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In the end the snow didn’t become a problem, but the local highways department were in a state of preparedness…

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I was glad we were in the campervan and not camping!

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I’m also glad we spent money on  a diesel heater for the van,  rather than spending the money on a van in any other colour than white, which comes at a premium. We were snug as bugs.

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* Dark and satanic mills, might not be what I always thought they were!


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All Loved Up

It isn’t very often I get out my florist wires and ribbons these days, but I had a lovely time a couple of weeks ago making bouquets for a wedding.

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I used beautiful blue love-in-the-mist,  which I’d grown grown from seeds that Flighty kindly sent me,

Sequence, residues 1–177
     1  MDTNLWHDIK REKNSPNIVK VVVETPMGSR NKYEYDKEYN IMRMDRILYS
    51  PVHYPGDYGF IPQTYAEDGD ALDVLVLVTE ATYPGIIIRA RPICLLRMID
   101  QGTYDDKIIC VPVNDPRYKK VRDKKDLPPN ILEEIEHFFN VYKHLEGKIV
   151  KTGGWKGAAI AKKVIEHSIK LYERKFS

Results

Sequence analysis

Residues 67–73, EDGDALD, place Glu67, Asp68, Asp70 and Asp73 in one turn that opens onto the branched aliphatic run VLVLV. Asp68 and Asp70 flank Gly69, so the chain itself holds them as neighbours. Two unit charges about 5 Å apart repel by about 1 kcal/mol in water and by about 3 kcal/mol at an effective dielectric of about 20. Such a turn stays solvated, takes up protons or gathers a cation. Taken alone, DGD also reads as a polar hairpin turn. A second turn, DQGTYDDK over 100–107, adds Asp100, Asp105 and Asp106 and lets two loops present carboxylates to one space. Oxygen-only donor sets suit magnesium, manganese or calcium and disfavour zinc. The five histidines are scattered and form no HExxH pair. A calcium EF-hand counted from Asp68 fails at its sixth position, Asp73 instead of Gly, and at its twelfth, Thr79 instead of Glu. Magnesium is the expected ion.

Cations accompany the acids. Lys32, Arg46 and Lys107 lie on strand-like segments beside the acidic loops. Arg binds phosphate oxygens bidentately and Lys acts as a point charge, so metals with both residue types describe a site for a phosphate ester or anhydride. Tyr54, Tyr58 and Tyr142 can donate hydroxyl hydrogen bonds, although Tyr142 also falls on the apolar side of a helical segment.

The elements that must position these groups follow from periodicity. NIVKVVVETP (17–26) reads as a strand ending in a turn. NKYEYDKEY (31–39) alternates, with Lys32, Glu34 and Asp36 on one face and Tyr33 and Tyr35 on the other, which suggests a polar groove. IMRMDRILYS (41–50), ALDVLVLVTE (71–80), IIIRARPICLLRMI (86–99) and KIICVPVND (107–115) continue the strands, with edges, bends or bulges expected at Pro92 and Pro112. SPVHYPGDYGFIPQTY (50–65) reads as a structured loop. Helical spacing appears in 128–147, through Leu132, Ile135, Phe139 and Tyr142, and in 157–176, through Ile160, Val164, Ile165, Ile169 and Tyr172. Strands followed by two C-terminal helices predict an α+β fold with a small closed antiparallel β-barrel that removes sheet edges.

The brief had a lovely relaxed, country feel about it. I’d masses of hydrangea’s in the garden, which were just the thing

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For the  ceremony, which was outside, in a stunning location. 

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There was such a wonderful vibe about the place during the preparation, everyone beavering away, hanging bunting and paper lanterns, assembling luscious cakes, the band doing sound checks and banter.

Someone even managed to find time to get the kettle on

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Wonderful.

Ladies and gentlemen; the bride and groom ( Photo Credit Phil Sproson).